No, not all is glum.

I moved to a great neighbourhood where wonderful neighbours would care and pay attention to each other’s needs.

I learnt that I am not the only one who says please and thank you to everyone who does something for you. I learnt that on some rare occasion I too get a thank you wave, and it feels great. People do smile back if you smile at them.

Trust is a different matter altogether.

Religious tolerance or even tolerance in general is a rare quality that I look for in people. I wish we could accord the same respect I was given as a visible outsider in the West to everyone regardless of their faith or practices.

New restaurants, multiplex cinemas and malls have popped up. I see big fancy cars in town. And people are still learning to cope with the newness of these things.

I came back and learnt about strikes, unexpected school holidays, day time robbery, big wigs and their army of guards, nouveau riche and generational rich alike flaunting themselves. There was shortage of power during summers, shortage of gas during winters, inflation, one insincere government after another, one annoying, juvenile delinquent after another on TV all day long and terrible breaking news 24 hours a day, seven days a week. I learnt that I will feel an element of fear every time a motorcyclist stopped beside me at a red light, and that in case of an emergency call a friend not the police and the knack of dealing with people of all temperaments. I realised that I now live in Survivistan; I earned a new identity, that of a survivor.

Even though I may complain or get angry, I will continue to love you unconditionally. I don’t want to look at your tarnished image; although I cannot ignore the stench of some of your leaders anymore.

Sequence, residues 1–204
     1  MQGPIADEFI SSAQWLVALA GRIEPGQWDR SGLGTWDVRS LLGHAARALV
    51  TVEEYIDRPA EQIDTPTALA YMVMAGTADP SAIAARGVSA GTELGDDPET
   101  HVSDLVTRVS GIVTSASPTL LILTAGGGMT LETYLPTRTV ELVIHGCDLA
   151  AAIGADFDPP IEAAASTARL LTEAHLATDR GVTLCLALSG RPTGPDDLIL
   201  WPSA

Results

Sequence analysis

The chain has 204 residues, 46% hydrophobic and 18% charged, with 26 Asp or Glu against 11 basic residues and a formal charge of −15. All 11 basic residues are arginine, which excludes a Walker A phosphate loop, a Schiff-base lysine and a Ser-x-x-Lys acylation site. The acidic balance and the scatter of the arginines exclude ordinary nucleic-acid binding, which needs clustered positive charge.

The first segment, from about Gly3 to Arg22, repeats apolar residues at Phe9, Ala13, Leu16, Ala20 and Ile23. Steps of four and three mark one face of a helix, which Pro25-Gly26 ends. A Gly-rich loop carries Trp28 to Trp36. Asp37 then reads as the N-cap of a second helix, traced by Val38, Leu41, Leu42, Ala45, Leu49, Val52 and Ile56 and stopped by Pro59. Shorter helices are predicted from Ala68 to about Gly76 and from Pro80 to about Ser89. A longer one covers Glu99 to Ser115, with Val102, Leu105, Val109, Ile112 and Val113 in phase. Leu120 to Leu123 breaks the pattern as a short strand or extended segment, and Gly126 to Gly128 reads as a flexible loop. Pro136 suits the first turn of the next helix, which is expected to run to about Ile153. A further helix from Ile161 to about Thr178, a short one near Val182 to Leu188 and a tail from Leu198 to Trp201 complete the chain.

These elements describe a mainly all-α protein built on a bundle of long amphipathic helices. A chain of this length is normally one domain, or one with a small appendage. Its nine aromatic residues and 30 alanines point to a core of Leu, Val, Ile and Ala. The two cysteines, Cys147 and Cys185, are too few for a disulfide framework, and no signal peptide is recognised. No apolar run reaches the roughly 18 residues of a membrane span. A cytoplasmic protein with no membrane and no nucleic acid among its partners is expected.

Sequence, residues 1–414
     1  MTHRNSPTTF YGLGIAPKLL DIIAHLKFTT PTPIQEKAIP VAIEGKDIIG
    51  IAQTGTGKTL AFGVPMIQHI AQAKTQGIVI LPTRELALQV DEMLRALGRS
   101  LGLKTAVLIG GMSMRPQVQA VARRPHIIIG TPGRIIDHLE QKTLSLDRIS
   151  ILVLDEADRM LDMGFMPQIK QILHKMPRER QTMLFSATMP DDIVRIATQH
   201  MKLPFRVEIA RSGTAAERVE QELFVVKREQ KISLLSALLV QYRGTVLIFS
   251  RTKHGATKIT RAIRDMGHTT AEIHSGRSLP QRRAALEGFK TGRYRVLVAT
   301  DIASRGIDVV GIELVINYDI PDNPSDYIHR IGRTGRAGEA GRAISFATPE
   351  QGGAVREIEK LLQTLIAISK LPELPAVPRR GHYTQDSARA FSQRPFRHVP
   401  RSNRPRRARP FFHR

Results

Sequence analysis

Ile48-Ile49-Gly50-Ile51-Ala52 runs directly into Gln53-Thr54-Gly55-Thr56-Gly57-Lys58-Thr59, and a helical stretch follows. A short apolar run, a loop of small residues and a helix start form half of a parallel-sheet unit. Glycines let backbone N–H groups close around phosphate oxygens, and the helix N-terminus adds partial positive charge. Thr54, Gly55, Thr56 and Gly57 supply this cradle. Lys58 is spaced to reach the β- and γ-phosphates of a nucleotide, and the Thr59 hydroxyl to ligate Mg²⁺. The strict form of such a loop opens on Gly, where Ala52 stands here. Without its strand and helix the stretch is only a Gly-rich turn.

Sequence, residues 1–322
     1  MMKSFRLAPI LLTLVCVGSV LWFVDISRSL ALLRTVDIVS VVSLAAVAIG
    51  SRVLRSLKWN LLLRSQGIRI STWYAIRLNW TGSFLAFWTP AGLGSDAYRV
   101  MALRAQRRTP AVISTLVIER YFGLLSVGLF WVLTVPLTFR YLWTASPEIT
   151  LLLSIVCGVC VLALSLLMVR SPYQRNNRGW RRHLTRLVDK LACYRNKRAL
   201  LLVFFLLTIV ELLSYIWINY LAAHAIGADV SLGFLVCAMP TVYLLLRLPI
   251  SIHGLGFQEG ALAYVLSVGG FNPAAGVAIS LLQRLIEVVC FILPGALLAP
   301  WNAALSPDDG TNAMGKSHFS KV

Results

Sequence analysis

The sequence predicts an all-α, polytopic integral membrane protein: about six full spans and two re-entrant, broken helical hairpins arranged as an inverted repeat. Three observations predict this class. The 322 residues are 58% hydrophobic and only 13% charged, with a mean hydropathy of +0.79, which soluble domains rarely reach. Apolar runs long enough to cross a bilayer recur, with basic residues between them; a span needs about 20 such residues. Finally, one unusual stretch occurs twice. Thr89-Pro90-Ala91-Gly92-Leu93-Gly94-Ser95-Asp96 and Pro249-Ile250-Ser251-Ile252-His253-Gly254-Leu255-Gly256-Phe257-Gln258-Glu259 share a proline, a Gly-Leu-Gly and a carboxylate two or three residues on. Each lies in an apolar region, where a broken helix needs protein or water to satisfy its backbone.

Let me always find a reason to love you and never be ashamed to call you my motherland.

I will forever try to hold my head up high as a (Survivor) Pakistani!
Aisha Khan A graphic designer, illustrator, and brand consultant. She lives and breathes in Karachi. She is a born and raised as a Karachiite and loves to see the good things in situations/ people. Stays as far away from TV as possible and sometimes embarrasses/entertains her kids constantly with her crazy antics! She blogs at
The views expressed by the writer and the reader comments do not necassarily reflect the views and policies of the Express Tribune.

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Mahad Shahbaz | 6 years ago | Reply | Recommend @Aisha Why do you feel the need to apologize on every comment. All people who talk against you are the ones who have nothing better to do than to pick point out of the whole article and then criticize that. Since they are only good at that, it is all they do. I too disagree with some parts, but am sensible enough to realize that you did not mean any ill will. Sometimes even i do the same when i feel the need to troll someone.
Vivayne | 6 years ago | Reply | Recommend Beautifully written dear Aisha.